Before I tell you all about this amazing region of the world, allow me to introduce myself. When I was young, Bulgaria was still part of the Eastern Bloc (Communist Bloc) so it was impossible for me to travel abroad. Believe it or not, my first trip outside the country was when I was 25 years old.
After graduating with an architecture degree, I moved to London where I lived for almost a decade. I spent a few years working for a big architectural company called Foster + Partners and then created my own studio for architectural visualisations. This gave me free time which I used for travel.
Initially, I started practicing with photography as part of my work – shooting architectural backgrounds and cityscapes. Afterwards, I started experimenting with landscapes and portraits, and have loved it ever since.
What Inspired me to Visit Western Mongolia
What inspired me to visit Western Mongolia was a funny story. I once saw a photo of an abandoned communist monument near my hometown in Bulgaria. The photo was shot by the British photographer Timothy Allen. It pictured a tiny figure of a man holding a light in the middle of a dark hall.
I loved the photo so much that I followed the photographer’s page on Facebook. Just a week later I noticed that there was an announcement on the page stating that due to a cancellation there was a free space available on a photographic expedition in Western Mongolia led by Timothy Allen.
I’ve always dreamed of going to Mongolia – so less than 20 seconds later I decided to sign up and submit my work. Several months later (in a yurt in Western Mongolia), Timothy Allen was talking about the background story of the monument photo as part of his photography workshop.
Apparently he asked a local guy to pose in the photo. This was when I realised that the man in the photo was my uncle. What are the chances?!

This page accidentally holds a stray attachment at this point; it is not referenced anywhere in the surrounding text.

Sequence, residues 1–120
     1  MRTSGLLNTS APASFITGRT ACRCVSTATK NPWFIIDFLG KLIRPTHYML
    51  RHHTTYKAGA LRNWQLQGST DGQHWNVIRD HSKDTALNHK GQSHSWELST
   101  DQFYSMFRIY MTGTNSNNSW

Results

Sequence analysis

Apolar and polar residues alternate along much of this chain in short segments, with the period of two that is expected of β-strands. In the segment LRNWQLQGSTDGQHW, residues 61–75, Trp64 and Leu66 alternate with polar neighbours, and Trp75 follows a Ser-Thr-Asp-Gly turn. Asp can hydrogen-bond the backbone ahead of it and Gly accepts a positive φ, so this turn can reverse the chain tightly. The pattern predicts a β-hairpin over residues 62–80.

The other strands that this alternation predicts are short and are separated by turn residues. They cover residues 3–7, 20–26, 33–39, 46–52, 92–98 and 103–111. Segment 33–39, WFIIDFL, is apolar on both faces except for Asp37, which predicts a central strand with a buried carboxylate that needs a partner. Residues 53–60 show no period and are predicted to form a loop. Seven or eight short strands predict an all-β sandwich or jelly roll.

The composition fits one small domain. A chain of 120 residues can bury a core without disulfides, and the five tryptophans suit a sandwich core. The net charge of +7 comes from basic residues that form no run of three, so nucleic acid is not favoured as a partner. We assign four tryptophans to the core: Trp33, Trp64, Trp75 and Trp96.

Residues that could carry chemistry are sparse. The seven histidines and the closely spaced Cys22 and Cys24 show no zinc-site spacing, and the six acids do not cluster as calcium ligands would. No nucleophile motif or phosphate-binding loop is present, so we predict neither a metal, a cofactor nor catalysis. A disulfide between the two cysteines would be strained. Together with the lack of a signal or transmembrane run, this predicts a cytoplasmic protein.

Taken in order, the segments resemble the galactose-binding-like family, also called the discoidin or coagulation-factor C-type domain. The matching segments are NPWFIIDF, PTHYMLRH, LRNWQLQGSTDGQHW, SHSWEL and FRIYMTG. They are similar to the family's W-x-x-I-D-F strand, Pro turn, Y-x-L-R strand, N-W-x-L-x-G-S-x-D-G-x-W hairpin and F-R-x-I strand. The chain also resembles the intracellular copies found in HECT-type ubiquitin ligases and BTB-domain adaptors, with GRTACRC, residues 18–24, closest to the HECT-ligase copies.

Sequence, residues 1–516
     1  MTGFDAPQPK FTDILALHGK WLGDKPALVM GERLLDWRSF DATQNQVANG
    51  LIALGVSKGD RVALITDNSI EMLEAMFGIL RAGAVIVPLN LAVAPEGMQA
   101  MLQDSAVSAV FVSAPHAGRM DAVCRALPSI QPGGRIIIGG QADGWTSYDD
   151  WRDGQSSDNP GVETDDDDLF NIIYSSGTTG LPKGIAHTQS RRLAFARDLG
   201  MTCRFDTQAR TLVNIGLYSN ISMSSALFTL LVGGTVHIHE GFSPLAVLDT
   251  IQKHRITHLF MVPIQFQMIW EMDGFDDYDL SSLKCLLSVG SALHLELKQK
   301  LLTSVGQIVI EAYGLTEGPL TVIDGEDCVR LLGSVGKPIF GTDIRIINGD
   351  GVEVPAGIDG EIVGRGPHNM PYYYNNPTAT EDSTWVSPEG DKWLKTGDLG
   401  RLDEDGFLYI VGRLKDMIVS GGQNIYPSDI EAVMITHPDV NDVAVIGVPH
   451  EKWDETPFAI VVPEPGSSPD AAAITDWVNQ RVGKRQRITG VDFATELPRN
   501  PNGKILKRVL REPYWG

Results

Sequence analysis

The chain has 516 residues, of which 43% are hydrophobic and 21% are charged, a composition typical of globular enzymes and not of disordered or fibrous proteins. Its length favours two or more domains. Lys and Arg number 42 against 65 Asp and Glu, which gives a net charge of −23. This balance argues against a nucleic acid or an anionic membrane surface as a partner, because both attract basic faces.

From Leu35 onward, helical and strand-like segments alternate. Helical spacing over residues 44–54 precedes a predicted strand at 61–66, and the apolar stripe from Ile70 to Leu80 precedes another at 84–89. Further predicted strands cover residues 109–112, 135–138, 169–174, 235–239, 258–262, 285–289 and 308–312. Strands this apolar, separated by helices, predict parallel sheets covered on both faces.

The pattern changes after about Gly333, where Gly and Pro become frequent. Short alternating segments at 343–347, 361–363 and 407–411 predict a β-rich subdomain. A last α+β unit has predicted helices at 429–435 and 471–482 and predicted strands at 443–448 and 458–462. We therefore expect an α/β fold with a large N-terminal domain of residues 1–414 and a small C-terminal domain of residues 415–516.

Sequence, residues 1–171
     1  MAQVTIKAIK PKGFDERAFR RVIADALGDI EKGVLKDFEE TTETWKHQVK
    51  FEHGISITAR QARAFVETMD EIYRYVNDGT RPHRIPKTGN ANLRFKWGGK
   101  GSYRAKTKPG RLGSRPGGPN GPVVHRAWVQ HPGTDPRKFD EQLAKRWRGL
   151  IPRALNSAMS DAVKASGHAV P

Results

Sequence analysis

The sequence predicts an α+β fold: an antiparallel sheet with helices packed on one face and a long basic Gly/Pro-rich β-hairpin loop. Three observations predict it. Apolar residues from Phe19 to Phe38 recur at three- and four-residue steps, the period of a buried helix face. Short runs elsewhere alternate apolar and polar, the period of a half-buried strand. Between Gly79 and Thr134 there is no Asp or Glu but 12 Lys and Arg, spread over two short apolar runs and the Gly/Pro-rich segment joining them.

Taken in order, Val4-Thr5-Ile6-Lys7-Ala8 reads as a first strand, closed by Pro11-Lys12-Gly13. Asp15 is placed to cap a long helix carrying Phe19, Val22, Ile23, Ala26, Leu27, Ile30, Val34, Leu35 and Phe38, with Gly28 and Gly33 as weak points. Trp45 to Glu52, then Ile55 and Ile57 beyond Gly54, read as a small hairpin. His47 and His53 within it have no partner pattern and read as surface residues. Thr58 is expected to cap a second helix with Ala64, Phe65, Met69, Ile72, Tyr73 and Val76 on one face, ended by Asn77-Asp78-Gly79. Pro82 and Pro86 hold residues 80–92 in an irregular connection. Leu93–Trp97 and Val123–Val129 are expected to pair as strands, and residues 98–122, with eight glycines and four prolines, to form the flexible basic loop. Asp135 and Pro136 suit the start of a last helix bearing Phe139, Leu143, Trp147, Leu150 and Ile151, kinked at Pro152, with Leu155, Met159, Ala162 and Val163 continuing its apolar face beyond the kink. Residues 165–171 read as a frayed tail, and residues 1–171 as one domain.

Two Incredible Weeks in Western Mongolia
The entire trip in Western Mongolia took a couple of weeks. We flew from Ulaanbaatar to Bayan-Olgii near the border with Kazakhstan where the actual journey started. Luckily, we had access to three tough Russian 4x4s called UAZ. They can go anywhere and can be fixed in 20 minutes.
Although Western Mongolia has no no roads or bridges – our vehicles had zero problems on the journey. Sometimes we travelled eight hours in a day and crossed numerous valleys, hills and rivers. We visited several nomad camps and also made our own camps and yurts in the wild.
Meeting the Kazakh Nomads of Western Mongolia
The Kazakh nomads that we met were extremely hospitable. We met several families along the way that had never seen anyone outside of their community. Everyone was super friendly and curious to interact with us.
I speak a bit of Russian which helped – but most of the time we received help from an interpreter that spoke the local language. Kazakh nomads still practice the ancient skill of eagle hunting and it’s incredible to see.
They have no electricity, no mobile phones, no proper roads, no agriculture, no money (almost) and no concept of land ownership. It’s a sustainable and healthy way of living that hasn’t changed much over the centuries.
We had the chance to be invited to a traditional Kazakh wedding. It was an amazing celebration that also included traditional wrestling and a horse-riding competition. A truly memorable experience.
Trying the Interesting Local Food of Mongolia
Let’s put it this way – if you are vegan or vegetarian you’ll have a tough time in Western Mongolia! Vegetables and fruits are not really an option at all.
The menu is simple: several types of cheeses, boiled mutton, dry horse meat garnished with a type of flat noodles, tea with milk and kumis. Kumis is a fermented mare’s milk which can be alcoholic by tradition. It’s a drink that everyone loves here. Maybe this is why Mongolians smile all the time!
What you Need to Know Before you Go
As I just said, if you are vegan or vegetarian don’t go to Western Mongolia as you might starve! Keep in mind that it can be cold even in summer (the snowy shots in my Mongolia series were captured in July). The best way to get around is by utilising the virtually indestructible Russian 4×4 UAZ.
If you plan on exploring Outer Mongolia you should travel with a good guide or driver/fixer/interpreter. This is not a touristic place after all. There are no roads, shops, mobile connections or medical help. The only thing you will find are vast uninhabited valleys. It’s an awesome place!